Assessing the organizational fit of a just-in-time manufacturing system: Testing selection, interaction and systems models of contingency theory
Accounting, Organizations and Society
The adoption of new manufacturing practices such as just-in-time (JIT) and total quality management (TQC) is only a first step to improving manufacturing performance. Even more critical is the fit between manufacturing practices and organizational design, structure and processes. Using archival and survey data, this paper reports the results of a field study within a Fortune 500 company that tests three operationalizations of contingency theory as discussed by Van de Ven and Drazin (1985) [The Concept of Fit in Contingency Theory, Research in Organizational Behavior, pp. 333-365]. Results show that the misfit between worker empowerment required by JIT/TQC practices and existing authoritarian management partially explain relative workgroup performance as do other conflicts within workgroups and between operators and supervisors. © 1995.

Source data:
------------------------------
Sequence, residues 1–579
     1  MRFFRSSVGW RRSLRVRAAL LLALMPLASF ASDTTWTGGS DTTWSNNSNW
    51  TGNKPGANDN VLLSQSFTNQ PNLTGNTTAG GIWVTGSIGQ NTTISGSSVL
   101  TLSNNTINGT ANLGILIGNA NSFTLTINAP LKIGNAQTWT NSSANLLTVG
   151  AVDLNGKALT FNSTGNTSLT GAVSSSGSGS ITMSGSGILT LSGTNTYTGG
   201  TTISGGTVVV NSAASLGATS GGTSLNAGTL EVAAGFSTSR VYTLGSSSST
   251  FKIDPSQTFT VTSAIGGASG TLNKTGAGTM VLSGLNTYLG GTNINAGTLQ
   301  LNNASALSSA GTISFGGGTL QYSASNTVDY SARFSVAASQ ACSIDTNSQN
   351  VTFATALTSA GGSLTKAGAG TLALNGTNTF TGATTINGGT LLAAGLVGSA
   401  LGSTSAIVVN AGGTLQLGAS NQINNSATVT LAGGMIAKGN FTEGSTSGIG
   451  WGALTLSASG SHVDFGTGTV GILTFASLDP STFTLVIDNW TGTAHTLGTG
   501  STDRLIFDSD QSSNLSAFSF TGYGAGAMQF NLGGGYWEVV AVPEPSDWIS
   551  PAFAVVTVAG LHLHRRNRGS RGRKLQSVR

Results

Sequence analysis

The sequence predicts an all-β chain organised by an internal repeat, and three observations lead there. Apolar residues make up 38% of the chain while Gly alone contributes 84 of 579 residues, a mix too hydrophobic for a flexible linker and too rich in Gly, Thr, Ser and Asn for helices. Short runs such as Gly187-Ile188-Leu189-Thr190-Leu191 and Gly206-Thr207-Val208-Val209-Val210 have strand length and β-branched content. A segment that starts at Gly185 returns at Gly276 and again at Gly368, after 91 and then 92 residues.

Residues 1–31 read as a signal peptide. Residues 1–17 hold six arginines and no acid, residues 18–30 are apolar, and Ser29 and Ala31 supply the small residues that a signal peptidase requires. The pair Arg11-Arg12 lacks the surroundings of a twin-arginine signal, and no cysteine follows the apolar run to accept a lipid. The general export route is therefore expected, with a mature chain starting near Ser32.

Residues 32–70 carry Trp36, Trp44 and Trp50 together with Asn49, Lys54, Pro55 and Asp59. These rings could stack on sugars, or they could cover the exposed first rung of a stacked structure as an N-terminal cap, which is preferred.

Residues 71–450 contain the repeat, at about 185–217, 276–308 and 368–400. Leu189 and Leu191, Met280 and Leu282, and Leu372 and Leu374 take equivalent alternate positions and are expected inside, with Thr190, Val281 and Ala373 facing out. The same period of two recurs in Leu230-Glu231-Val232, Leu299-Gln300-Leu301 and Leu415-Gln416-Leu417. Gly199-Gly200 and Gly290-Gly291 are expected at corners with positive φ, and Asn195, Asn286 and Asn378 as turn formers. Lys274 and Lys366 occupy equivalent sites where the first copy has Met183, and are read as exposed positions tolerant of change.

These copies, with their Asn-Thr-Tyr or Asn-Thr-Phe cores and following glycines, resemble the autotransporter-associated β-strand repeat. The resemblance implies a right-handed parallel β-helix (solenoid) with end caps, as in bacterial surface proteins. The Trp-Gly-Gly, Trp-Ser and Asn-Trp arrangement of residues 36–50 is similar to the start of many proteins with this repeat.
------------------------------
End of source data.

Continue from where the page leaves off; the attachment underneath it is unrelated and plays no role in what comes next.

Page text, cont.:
Original Publication Date
DOI of published version
Selto, Frank H.; Renner, Celia J.; and Young, S. Mark, "Assessing the organizational fit of a just-in-time manufacturing system: Testing selection, interaction and systems models of contingency theory" (1995). Faculty Publications. 4309.